currently, I came across http://pythonwheels.com/ during researching how
to make a proper Python distribution for PyPI. I thought it would be
great idea to tell other maintainers to upload their content as wheels
so I approached a couple of them. Some of them already provided wheels.
Happy being able to have built my own distribution, I discussed the
issue at hand with some people and I would like to share my findings and
propose some ideas:
1) documentation is weirdly split up/distributed and references old material
2) once up and running (setup.cfg, setup.py etc. etc.) it works but
everybody needs to do it on their own
3) more than one way to do (upload, wheel, source/binary etc.) it (sigh)
4) making contact to propose wheels on github or per email is easy
otherwise almost impossible or very tedious
5) reactions went evenly split from "none", "yes", "when ready" to "nope"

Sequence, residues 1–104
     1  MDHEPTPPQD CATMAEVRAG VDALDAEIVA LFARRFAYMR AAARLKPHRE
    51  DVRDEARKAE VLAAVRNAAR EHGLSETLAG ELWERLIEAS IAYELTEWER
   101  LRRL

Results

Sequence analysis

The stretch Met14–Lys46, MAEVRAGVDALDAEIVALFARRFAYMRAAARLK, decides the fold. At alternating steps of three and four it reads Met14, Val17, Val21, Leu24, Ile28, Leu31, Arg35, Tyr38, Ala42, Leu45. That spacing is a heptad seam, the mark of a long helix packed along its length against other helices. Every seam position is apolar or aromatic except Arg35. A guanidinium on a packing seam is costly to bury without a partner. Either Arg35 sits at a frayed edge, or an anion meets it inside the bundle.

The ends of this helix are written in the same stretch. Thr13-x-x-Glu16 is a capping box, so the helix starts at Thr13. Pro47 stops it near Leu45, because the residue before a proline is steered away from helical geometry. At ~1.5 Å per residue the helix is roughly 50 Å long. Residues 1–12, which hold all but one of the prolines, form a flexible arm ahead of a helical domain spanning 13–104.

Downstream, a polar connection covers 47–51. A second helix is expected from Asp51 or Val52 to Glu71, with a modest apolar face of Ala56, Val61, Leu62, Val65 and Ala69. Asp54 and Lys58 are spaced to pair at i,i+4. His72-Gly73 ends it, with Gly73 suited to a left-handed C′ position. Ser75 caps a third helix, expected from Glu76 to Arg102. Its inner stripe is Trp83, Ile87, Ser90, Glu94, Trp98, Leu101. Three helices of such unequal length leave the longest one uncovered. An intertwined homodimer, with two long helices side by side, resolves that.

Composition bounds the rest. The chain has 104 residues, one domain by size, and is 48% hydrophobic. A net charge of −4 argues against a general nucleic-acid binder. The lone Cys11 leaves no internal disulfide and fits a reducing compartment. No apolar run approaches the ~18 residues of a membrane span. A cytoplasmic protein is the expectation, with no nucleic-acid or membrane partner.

None: well, okay
yes: that's good
when ready: well, okay
nope: what a pity for wheels; example:
I personally find the situation not satisfying. Someone proposes the
following solution in form of a question:
Why do developers need to build their distribution themselves?
I had not real answer to him, but pondering a while over it, I found it
really insightful. Viewing this from a different angle, packaging your
own distribution is actually a waste of time. It is a tedious,
error-prone task involving no creativity whatsoever. Developers on the
other hand are actually people with very little time and a lot of
creativity at hand which should spend better. The logical conclusion
would be that PyPI should build wheels for the developers for every
python/platform combination necessary.
With this post, I would like raise awareness of the people in charge of
the Python infrastructure.